In my search for New York writing, I soon discovered that E.B. White’s essay “Here Is New York” trails slightly before or behind mention of Joan Didion’s essay ‘Goodbye to All That.’ Luckily my library in Rome has a copy of this essay also, in a tight little purple book all to itself printed by Harper & Brothers in 1949.
E.B. White wrote the essay one year before it was published, as he says in his preface that also apologizes, in a way, for the things he has written about that have since passed. It is an odd preface for anyone reading the essay 70 years after its publication because so much more has (most likely) changed about New York City than the boom breaking and the Lafayette Hotel being torn down. Perhaps E.B. White was anticipating his readers 70 years hence and was unsure of his timeless descriptions—though how could he have been when his prose is so swift and solid?
[New York] carries on its lapel the unexpungeable odor of the long past, so that no matter where you sit in New York you feel the vibrations of great times and tall deeds, of queer people and events and undertakings.
He writes about the people who move to New York City, “who have pulled up stakes somewhere and come to town, seeking sanctuary or fulfillment or some greater or lesser grail.” And what is New York today but a conglomerate of strangers, a place where people go to get lost in the crowd and to be equally found? White writes about the anonymity of the huge city, where large events happen without notice, events that would be enormous in smaller cities that residents would naturally be a part of. He writes about New York with the ease and elegance of a long familiarity.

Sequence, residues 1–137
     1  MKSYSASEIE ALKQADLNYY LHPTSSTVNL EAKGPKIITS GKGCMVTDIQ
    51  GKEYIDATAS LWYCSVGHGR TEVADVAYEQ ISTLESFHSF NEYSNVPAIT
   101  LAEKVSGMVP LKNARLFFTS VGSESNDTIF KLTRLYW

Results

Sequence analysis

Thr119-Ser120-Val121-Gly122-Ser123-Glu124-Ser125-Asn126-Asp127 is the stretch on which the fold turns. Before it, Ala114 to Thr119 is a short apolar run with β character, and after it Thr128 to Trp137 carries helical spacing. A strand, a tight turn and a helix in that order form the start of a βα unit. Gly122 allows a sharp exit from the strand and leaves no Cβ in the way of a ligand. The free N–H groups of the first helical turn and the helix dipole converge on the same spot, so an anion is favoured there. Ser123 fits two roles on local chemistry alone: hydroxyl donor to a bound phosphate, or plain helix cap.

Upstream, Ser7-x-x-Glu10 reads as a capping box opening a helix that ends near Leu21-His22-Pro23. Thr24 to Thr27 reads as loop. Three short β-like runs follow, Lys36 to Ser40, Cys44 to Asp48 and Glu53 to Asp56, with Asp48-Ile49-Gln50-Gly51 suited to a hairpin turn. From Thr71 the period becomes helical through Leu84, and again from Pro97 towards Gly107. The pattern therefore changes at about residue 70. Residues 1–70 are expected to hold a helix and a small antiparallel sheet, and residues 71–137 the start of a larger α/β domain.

A poem compresses much in a small space and adds music, thus heightening its meaning. The city is like poetry: it compresses all life, all races and breeds, into a small island and adds music and the accompaniment of internal engines. The island of Manhattan is without doubt the greatest human concentrate on earth, the poem whose magic is comprehensible to millions of permanent residents but whose full meaning will always remain illusive.
Unlike Didion’s New York City, White’s New York does not lose its charm and is unable to lose it. His words are saturated with his fascination and his enjoyment drips from them. It is a pleasure to read “Here Is New York” and to anticipate whatever New York City I will find come January.
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